§ The Minister of State, Ministry of Defence (Mr. Adam Ingram)
Following extensive work to identify the best way forward for military aircraft support, I am announcing today my preferred option, subject to trades union consultation.
In 2003 the Ministry of Defence undertook an end-to-end review of the logistics process from the front line to industry. This review, the results of which I announced on 10 September 2003, concluded that there was a need, and substantial scope, for improvement in all areas of military air systems support—in industry, the Defence Logistics Organisation (DLO) and the services front line commands alike.
The review recommended that on-aircraft depth support—deep repair, scheduled maintenance and modification of aircraft—could best be rationalised by concentrating at main operating bases (MOBs), and that this conclusion should be tested in an investment appraisal.
The investment appraisal identified three broad options—to concentrate forward support of certain air platforms to MOBs, to concentrate backwards the same platforms to Defence Aviation Repair Agency (DARA) sites and where appropriate industry sites, or a hybrid solution with some platforms concentrated forward and others back.
In order not to prejudice the in-service date of the upgraded Harrier GR9 of 2006, I have already announced that Harrier support will concentrate forward to the MOB at RAF Cottesmore.
The wider investment appraisal and subsequent affordability analysis has demonstrated that concentrating support of the Tornado GR4 aircraft forward at the MOB at RAF Marham would provide best value for money compared with the alternative of concentrating backward on the DARA site at St. Athan.
Conversely, the work has demonstrated that it would not be cost-effective to concentrate the Tornado F3 aircraft either forward or back, given that it will soon be replaced by Typhoon. The work has also shown that it would provide better value for money to concentrate depth support for Lynx, Chinook and Sea King back to DARA Fleetlands.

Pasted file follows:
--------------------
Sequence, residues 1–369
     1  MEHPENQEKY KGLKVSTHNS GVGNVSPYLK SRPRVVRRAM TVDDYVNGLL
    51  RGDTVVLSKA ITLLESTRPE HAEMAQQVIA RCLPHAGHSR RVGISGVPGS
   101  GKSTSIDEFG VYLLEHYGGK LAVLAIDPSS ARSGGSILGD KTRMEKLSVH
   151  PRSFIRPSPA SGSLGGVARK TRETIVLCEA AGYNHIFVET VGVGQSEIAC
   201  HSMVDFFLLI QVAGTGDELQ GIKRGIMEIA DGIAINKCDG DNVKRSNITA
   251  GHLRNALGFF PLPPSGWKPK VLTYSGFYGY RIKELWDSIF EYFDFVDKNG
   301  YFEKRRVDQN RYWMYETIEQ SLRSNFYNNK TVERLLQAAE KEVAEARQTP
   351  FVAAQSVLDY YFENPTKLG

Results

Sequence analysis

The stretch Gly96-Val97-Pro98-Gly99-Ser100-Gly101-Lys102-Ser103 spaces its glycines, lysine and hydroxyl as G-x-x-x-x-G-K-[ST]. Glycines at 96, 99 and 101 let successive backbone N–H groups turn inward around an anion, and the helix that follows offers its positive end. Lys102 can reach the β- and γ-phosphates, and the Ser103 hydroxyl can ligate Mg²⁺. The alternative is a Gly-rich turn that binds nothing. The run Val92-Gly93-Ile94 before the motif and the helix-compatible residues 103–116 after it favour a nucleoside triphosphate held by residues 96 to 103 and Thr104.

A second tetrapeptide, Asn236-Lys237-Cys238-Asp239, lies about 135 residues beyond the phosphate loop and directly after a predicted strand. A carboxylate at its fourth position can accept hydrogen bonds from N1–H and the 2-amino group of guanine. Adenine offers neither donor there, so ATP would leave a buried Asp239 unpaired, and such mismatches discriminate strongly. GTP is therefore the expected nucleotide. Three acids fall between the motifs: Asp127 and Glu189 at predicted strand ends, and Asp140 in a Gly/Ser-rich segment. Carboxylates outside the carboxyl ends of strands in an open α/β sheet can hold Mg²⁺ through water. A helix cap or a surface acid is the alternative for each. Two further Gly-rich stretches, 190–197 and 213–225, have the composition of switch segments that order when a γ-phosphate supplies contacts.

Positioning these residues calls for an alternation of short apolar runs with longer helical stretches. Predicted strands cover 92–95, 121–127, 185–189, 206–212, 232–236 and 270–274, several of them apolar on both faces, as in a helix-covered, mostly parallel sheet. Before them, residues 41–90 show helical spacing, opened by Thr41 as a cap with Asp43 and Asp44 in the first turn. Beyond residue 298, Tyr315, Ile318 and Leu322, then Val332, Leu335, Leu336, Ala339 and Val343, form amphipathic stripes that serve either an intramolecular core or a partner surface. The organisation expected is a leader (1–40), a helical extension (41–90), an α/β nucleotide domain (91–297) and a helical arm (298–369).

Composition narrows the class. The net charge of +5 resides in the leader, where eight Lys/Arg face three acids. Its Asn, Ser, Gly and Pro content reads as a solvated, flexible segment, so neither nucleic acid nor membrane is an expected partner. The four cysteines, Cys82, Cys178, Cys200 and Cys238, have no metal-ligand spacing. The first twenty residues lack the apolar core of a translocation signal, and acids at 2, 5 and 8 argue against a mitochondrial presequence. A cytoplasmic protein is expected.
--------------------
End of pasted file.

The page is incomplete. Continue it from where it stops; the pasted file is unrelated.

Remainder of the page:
My preferred way ahead is consistent with the announcement made by my right hon. Friend the Secretary of State for Defence on 21 July this year, which set out the need for the armed forces and their associated support functions to evolve in order to meet the demands of a changing world.
The streamlining of our logistic and support functions, such as those which flow from the end-to-end logistics review, will help the Department meet its targets under the efficiency review. In conjunction with 165WS the £3.7 billion increase to the defence budget, it will enable us to continue to modernise our armed forces, tailoring our military capability to meet the challenges of the future.
Our preferred way forward has implications for our military and civilian work-force, as well as for our partners in industry who undertake depth support of military aircraft.
Concentrating support for rotary aircraft at DARA Fleetlands offers the opportunity to exploit fully the economies of scale that may be achieved by collocating these platforms at a single centre. Sufficient defence work would remain at DARA St. Athan to enable continued operations there until 2008–09.
We will explore with other Government Departments alternative options for St. Athan after 2009, although the migration of work and the withdrawal from service of some platforms means that 500 redundancies would be needed there in 2005. In the longer term, failure to win alternative work would result in the closure of St. Athan.
The application of end-to-end principles will ensure that the MOD works smarter and will improve efficiency by adopting modern best practice in supporting our military aircraft. It will lead to reductions of some 1,500 RAF uniformed personnel, which form part of the overall reductions of 7,500 set out in the 21 July announcement on force structure changes and defence change and modernisation programmes.
There would also be modest reductions in MOD civilian posts and contractor staff posts at RAF Lossiemouth, RAF St. Mawgan and Wattisham and RNAS Yeovilton. Other service personnel would be transferred to the new depth support locations.
A formal consultation period of 30 working days will now begin with the trades unions. Once a final decision has been taken detailed consultation on the implementation of it will follow.